“Who can save a child from a burning house without taking the risk of being hurt by the flames? Who can listen to a story of loneliness and despair without taking the risk of experiencing similar pains in his own heart and even losing his precious peace of mind? In short: “Who can take away suffering without entering it?”
- Henri J. M. Nouwen The Wounded Healer
This saying from one of my favorite books has never been as meaningful in my career as it is today. Nurses on the frontline risk being hurt by the flames of loneliness and despair every day as they walk into the proverbial “burning house” to save lives affected by COVID-19. And I continue to wonder how well we have equipped our fellow nurses with the protective spiritual gear that they need to avoid being burned by these flames.
This past year has reminded us how important it is to nurture one’s own spiritual needs to effectively care for the spiritual needs of our patients. Spiritual care fosters physical healing, and the nurse who is equipped with adequate preparation in spiritual care can promote a healing environment that meets the holistic needs of patients while also nurturing one’s own spiritual needs. Spiritual, physical, and emotional health are all intertwined, and alterations in one dimension will impact all components of care. We need to prioritize providing nurses information on spiritual care if we want them to share that with themselves and their patients.
Barriers to spiritual care are multifaceted; however, one of the most common barriers I encounter is a lack of understanding of the definition of spirituality. Many people view spirituality as a construct of religion and immediately think of religious aspects when it comes to providing spiritual care. However, spiritual beliefs and values are not always linked to religion alone. While these aspects can and often do coexist, they can also be mutually exclusive elements of coping. Spirituality is a construct that is multidimensional, unique to each person, and broader than an individual’s religious beliefs or affiliations. Religious beliefs are related to a prescribed set of guidelines and an individual’s relationship with a higher being. Spirituality, on the other hand, is an inner strength that provides a sense of peace, meaning, purpose, and fulfilment. It is the way that one experiences their connectedness to the moment, to the self, to others, to nature, and to the significant or sacred. It reflects the universal quest that individuals seek to make sense of their existence or, even more so, the fragility of their existence.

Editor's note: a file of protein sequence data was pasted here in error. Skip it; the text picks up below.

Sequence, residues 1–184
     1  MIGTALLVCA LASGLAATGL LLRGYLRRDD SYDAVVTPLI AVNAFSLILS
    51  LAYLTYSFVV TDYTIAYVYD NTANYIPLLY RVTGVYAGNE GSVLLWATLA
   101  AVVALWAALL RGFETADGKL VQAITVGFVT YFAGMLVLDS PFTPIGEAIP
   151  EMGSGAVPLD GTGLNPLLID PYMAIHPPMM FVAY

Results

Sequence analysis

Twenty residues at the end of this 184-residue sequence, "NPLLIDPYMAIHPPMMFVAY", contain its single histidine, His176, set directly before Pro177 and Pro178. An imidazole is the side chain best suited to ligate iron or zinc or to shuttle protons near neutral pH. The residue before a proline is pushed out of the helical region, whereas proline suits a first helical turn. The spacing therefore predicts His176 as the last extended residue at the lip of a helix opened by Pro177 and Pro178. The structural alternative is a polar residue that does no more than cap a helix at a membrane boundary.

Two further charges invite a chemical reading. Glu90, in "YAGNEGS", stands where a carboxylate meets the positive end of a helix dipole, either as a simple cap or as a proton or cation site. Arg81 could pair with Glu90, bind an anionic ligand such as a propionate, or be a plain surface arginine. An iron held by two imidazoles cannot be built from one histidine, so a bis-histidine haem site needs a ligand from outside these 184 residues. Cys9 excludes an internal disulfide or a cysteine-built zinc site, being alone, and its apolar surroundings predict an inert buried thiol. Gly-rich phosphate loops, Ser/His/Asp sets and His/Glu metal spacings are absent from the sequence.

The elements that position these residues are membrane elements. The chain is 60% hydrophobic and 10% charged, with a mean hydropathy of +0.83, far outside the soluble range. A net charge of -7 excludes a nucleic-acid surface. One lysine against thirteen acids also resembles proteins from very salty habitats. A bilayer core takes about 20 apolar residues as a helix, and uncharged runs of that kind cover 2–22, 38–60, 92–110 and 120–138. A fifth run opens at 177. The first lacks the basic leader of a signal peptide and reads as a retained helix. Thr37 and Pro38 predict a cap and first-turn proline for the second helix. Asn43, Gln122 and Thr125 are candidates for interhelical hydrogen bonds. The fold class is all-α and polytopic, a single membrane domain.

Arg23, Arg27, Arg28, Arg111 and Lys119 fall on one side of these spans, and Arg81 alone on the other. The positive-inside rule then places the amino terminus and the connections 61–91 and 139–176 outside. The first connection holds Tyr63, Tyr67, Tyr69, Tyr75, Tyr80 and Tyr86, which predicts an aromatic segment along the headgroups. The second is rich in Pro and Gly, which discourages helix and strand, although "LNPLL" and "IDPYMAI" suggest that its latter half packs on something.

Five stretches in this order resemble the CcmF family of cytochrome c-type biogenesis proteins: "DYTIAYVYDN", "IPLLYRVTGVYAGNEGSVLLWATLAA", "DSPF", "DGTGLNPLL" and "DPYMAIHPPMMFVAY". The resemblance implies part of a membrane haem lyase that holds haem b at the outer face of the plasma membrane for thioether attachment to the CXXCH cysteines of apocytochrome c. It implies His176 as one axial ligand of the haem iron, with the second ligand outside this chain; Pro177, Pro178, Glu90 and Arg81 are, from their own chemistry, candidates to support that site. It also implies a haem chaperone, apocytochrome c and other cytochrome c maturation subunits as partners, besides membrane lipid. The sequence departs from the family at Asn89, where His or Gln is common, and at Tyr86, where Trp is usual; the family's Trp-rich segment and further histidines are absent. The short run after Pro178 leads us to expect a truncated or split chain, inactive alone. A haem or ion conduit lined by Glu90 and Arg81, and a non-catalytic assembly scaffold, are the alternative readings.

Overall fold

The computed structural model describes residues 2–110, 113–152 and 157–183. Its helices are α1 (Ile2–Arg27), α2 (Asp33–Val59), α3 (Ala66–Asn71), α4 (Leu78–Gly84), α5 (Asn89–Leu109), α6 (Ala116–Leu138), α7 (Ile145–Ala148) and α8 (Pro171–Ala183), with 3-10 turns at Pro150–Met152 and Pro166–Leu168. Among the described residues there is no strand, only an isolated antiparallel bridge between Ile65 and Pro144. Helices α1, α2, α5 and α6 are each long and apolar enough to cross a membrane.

I recently read a research article which surveyed 11 chaplains to gain perspective on the role of nurses regarding spiritual aspects of end-of-life care. All the chaplains surveyed agreed that nurses need to have awareness of themselves and knowledge of their own spiritual background to connect with the needs and wants of patients with different spiritual needs. However, despite several studies showing that this aspect of patient care is vital to quality patient outcomes, nurses have continuously reported that their education has left them ill-prepared to deliver spiritual care in practice.
I can relate to this as many of my students have indicated that their nursing curriculum does not place a sufficient emphasis on spirituality in education or clinical practice. In fact, many studies have also shown that students report that they do not even talk about spiritual care in nursing school, and they encounter very few nurses who discuss spiritual care with them in practice. This is perhaps because practicing nurses are also lacking the prerequisite knowledge and education to have these conversations with students, and this cycle has persisted.
To turn the tide and change the trends in nursing education and ultimately nursing practice, we must actively pursue a paradigm shift in the way that we approach and define holistic patient care. Teaching students to provide holistic nursing care requires educators to create opportunities to integrate concepts of spirituality early in the curriculum and share it throughout the program. I have a few simple suggestions to do this:
- Embed resources such as the End-of-Life Nursing Education Consortium (ELNEC) undergraduate curriculum
- Implement holistic health assessments in the fundamentals course within extended care facilities which provides an opportunity to nurture hope and spirituality as students care for the aged
- Conduct spiritual self-assessments in first semester courses to identify any potential barriers to spiritual care
- Use clinical journaling to demonstrate a growing awareness of understanding spirituality and how to incorporate spiritual interventions in their clinical practice
- Utilize the “What? So What? Now What?” format to focus on analyzing clinical aspects of spiritual care in post-conference
Overall, without this knowledge, it is impossible for nurses to execute this type of care effectively. The education that nurses receive at the undergraduate level shapes their practice and how they view their role as nurses. While competence in pathophysiology, disease processes, and pharmacology are important, we cannot continue to ignore the value in developing professional competence in spiritual care. This skill requires students to regularly experience and reflect on real life situations and be aware of their own spiritual background. And we can only break the cycle by learning, as educators, how to best help our students to facilitate the development of sensitivity and the capability of nurturing the human spirit in clinical practice.
Chaka Brittain, DNP, RN, CNE, is an Assistant Professor of Nursing at the University of North Florida in Jacksonville, Florida, USA. She is a member of Sigma’s Lambda Rho at-Large Chapter.